As we know, the capabilities of mailers are now much wider. There are so many different features only for mailing via Gmail, not to mention other modern free email service.

15. More than a Text

The attachment was born in 1992 when the Multipurpose Internet Mail Extensions (Mime) protocol was released. This is how a painful attempt to delete letters began in order to free up space after someone sent you a massive attachment in the days of limited space of incoming messages.

16. Email Promotion

E-mail was fixed in the public mind thanks to the sound “you have mail” that accompanied new messages in the AOL domain. Finally, it became the cornerstone of a romantic comedy with Tom Hanks and Meg Ryan in 1998: “You Got Mail”.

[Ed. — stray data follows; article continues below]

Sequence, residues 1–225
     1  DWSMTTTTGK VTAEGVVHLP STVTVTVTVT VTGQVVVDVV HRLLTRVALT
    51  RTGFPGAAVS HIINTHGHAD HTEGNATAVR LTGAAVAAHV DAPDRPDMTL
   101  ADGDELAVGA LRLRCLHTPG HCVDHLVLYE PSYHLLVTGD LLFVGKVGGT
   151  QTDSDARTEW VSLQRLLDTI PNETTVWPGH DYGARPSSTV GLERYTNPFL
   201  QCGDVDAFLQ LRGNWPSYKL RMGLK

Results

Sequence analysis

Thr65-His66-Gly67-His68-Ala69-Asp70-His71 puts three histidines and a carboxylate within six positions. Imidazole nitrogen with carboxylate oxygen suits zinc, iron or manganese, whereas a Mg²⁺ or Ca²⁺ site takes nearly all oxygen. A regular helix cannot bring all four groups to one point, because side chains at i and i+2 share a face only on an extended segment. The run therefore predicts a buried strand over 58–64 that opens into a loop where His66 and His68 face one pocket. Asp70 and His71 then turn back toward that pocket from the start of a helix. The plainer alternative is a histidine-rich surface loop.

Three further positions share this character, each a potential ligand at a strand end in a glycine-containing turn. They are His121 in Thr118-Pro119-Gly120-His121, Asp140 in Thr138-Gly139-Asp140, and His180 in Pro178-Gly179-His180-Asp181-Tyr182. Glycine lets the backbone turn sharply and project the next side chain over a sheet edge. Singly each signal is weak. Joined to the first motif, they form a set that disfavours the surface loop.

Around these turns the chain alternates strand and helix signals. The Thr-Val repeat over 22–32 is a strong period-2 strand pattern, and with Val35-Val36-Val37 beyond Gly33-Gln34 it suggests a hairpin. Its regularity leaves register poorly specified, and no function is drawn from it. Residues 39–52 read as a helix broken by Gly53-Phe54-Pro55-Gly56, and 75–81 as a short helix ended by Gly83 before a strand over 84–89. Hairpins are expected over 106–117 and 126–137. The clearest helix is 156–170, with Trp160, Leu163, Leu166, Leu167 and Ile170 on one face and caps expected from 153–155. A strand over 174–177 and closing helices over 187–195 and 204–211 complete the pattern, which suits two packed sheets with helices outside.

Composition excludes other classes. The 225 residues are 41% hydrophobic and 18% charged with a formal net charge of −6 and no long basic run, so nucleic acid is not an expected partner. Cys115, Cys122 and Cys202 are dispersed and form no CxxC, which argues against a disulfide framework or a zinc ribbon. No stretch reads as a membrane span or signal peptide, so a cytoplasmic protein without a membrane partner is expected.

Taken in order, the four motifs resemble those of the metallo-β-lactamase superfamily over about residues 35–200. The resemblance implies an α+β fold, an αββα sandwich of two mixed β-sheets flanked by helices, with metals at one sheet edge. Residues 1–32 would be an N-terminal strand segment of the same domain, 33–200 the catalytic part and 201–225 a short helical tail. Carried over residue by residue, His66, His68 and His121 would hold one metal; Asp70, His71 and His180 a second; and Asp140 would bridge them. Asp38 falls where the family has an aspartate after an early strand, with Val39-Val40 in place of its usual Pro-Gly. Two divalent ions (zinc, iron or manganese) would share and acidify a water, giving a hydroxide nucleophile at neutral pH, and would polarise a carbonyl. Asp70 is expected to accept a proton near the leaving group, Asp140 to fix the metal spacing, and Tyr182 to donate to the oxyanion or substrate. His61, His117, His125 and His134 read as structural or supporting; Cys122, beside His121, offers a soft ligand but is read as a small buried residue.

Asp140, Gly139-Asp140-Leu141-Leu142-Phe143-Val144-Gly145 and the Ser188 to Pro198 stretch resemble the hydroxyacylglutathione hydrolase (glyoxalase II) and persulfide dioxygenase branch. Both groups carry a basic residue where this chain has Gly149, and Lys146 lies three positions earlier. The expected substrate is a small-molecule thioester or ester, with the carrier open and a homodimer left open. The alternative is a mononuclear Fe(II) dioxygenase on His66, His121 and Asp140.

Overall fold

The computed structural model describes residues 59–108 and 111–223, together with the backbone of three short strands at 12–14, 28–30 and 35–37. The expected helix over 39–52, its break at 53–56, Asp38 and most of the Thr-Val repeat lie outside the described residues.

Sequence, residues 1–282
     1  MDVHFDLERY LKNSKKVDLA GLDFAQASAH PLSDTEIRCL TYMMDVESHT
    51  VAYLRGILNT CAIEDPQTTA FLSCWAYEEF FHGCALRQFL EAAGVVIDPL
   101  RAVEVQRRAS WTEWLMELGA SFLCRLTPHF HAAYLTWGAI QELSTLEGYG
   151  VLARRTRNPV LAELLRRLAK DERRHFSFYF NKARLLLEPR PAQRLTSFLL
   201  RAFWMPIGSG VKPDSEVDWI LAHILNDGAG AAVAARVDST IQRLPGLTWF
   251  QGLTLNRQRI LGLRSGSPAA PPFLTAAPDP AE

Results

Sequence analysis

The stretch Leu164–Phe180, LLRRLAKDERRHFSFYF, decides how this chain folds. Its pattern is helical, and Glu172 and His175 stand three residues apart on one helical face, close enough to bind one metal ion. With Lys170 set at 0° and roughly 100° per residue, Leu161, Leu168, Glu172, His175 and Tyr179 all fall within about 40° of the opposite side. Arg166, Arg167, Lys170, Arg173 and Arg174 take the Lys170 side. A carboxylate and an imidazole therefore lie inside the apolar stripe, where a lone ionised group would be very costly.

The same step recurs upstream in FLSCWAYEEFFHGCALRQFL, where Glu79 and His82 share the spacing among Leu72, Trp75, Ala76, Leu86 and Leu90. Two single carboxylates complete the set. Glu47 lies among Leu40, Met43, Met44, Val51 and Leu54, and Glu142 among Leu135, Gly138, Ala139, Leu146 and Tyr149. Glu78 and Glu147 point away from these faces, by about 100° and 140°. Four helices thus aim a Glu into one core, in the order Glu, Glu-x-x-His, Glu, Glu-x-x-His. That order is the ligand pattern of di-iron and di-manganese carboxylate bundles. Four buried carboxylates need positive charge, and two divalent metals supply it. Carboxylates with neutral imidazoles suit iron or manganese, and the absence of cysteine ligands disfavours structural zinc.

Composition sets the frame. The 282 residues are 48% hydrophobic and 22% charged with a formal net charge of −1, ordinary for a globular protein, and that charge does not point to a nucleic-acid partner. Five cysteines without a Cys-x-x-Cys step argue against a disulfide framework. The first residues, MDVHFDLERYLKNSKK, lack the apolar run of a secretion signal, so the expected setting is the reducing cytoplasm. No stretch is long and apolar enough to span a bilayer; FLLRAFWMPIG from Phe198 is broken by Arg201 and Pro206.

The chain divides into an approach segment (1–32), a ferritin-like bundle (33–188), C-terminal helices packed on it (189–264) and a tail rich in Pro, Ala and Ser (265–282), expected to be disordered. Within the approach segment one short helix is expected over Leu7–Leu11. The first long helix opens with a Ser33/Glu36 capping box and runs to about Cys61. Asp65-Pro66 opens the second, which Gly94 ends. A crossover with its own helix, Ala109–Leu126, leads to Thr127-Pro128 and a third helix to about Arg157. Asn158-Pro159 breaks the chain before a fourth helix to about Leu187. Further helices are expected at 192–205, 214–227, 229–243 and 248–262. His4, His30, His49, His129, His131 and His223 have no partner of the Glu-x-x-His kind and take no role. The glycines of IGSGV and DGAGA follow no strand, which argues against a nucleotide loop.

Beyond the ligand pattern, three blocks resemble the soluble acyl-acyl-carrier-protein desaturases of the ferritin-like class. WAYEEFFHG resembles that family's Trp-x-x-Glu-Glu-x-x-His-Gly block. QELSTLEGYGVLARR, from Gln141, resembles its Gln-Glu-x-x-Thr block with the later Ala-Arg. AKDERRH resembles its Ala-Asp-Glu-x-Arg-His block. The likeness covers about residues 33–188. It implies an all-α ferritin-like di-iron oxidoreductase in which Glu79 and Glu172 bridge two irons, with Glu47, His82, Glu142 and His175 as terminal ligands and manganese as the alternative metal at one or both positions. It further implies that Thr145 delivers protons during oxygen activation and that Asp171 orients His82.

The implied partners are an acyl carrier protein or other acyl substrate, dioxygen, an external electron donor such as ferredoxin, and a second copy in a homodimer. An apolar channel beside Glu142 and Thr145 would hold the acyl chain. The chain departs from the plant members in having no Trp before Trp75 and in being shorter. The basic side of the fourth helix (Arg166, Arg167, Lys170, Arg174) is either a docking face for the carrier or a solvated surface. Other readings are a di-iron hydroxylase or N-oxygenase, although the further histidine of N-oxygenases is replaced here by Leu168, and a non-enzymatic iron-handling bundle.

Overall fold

17. Email Becomes Mobile for Regular Users

Apple’s first iPhone to enable mobile email was released in 2007.

18. ILOVEYOU – a Virus that Entered the Guinness Book of Records

From May 1 to May 5, 2000, the mail worm, according to some estimates, caused damage of 1.54 billion US dollars and infected 3.1 million computers worldwide. At the same time, it mutated three times in 4 days. The virus sent itself to all available contacts of the MS Outlook mailbox if the malicious email was opened. It got into the Guinness Book of Records because of the enormous amount of damage to the world economy.